Investigators with the state Bureau of Fire, Arson and Explosives Investigations have wrapped up their investigation into the April 29 fire at the Hotel Putnam, shedding new light into what caused the inferno but ultimately coming up empty as far as finding a perpetrator.
Part of the report focuses on an attached storage room at the back of the building, which appeared to suffer extensive fire damage.
“There was no fire load within this room to have caused these [fire] patterns,” an investigator wrote.
However, as debris was removed from the room, the investigator noticed some “dark patterns … on the floor near the area where the fire damage was greatest.” A swabbed sample taken of this “dark colored leaching substance” later determined it was gasoline.
The investigator said owner Mohamed Rashad, who purchased the historic DeLand hotel March 30, said there were no gasoline generators or gasoline-powered equipment used during demolition work that was going on at the time.
“The samples collected were found to contain gasoline, there was no gasoline stored in the building according to the owner, the gasoline was brought into the building before the fire by an unknown party,” part of the report reads.
City officials said Aug. 27 that the fire was to be ruled as deliberately set, but they did not speculate as to how it started. The state’s investigation remained open until Sept. 6.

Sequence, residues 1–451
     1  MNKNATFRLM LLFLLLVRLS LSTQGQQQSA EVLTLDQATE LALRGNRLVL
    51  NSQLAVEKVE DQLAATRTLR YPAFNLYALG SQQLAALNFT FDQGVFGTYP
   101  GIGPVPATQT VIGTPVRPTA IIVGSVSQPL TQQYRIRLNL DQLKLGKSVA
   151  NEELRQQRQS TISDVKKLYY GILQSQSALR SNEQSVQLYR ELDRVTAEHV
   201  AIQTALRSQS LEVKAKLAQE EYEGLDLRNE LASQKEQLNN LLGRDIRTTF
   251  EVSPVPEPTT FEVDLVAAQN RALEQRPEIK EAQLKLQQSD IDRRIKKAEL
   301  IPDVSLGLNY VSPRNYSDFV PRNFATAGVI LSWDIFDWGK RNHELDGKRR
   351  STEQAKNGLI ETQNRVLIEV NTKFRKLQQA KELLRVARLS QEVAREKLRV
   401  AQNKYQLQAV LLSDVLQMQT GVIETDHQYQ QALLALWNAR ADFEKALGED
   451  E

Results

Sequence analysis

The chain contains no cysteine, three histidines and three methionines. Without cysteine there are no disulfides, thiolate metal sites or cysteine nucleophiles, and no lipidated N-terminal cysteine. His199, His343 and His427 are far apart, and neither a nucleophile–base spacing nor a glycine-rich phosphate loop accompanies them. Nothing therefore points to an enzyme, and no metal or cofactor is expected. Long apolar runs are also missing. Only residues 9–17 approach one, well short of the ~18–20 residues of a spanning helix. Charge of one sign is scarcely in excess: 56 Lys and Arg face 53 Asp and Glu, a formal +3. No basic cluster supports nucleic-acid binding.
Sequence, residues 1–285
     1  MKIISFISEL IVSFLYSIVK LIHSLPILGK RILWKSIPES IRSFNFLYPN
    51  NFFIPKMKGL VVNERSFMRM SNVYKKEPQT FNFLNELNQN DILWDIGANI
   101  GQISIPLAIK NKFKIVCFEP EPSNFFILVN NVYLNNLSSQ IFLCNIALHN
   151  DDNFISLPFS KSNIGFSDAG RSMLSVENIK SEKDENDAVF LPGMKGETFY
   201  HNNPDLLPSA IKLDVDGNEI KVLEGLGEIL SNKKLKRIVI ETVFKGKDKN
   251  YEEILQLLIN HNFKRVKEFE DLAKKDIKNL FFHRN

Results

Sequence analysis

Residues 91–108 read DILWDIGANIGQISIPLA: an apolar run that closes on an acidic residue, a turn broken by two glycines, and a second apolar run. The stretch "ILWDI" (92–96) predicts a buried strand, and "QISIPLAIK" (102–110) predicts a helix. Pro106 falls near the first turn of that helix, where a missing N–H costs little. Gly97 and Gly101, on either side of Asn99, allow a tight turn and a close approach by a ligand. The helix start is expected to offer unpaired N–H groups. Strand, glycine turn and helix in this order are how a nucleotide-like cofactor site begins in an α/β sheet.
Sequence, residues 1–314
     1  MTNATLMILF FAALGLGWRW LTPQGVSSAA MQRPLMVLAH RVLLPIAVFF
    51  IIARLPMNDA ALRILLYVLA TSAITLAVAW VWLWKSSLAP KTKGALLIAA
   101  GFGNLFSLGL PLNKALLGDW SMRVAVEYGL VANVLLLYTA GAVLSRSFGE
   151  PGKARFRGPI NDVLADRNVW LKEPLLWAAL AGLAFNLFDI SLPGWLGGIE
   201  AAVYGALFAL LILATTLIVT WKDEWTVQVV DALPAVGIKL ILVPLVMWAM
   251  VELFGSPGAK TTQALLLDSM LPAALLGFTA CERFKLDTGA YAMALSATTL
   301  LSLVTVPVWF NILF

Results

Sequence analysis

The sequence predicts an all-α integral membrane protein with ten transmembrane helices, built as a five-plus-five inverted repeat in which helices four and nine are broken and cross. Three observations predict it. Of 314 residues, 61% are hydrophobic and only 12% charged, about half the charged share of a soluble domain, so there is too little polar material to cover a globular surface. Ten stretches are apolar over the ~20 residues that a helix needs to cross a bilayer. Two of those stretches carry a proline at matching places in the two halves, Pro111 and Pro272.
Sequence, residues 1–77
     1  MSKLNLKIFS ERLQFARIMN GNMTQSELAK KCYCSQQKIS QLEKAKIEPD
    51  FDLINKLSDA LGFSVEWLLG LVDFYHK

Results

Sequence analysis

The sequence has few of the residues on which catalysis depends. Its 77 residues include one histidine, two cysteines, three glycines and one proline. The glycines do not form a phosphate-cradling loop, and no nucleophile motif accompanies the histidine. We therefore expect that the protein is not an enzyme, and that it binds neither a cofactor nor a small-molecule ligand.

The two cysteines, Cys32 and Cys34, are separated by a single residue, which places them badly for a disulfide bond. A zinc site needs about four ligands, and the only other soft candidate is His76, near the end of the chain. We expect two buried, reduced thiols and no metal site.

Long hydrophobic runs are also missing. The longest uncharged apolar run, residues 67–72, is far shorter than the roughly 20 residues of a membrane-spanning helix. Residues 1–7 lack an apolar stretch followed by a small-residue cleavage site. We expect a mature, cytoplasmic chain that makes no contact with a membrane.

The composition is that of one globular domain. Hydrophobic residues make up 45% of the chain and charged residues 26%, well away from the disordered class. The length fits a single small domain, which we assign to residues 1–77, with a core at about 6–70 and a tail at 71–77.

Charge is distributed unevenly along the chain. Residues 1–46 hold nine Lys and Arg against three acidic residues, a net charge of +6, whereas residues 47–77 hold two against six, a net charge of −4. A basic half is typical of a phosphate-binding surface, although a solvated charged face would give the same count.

The report notes that the property has had problems with trespassing by juvenile miscreants during the years it’s been vacant; however, the investigator doubted a juvenile started the fire.
“There was a significant amount of gasoline used to initiate this fire, which would indicate that the perpetrator’s interest in initiating this fire [was] to achieve significant damage to the building. This is not the type of fire commonly initiated as a result of juvenile criminal activity,” the state report concludes. “The information available at this time is insufficient to conclusively identify the perpetrator of this crime.”
The report ultimately said there was insufficient information to bring the case to court.
“All investigative leads are currently exhausted,” it reads. “Should additional information be developed, this case will be reopened.”
The report also said investigators discovered that Rashad made “several false affirmations” on an application for an insurance policy on the property, including stating that a watchman was on the property 24 hours a day, that the building had an active sprinkler system, that the building didn’t exceed four stories, and that the site was protected with a locked fence.
Rashad disputes those claims.
“I never said anything like that,” he said.
Rashad said he’s aware people might suspect he’s simply here to get an insurance check and leave town, but he said nothing could be further from the truth.
“My only way of proving people wrong — I have people coming in and working every day,” he said. “Why am I paying people who are working every day? I have people working six days a week.”
Rashad hopes demolition and cleanup work will be done by the end of the month, or the first week of November.
Currently, much of the work on the building is going on in the interior, or on the back side of the building — not visible from New York Avenue.
In the meantime, Rashad said, he’s started an Instagram account, @mohamedrashad150, where he tries to post photos of the ongoing work daily under the hashtag #putnamhotel.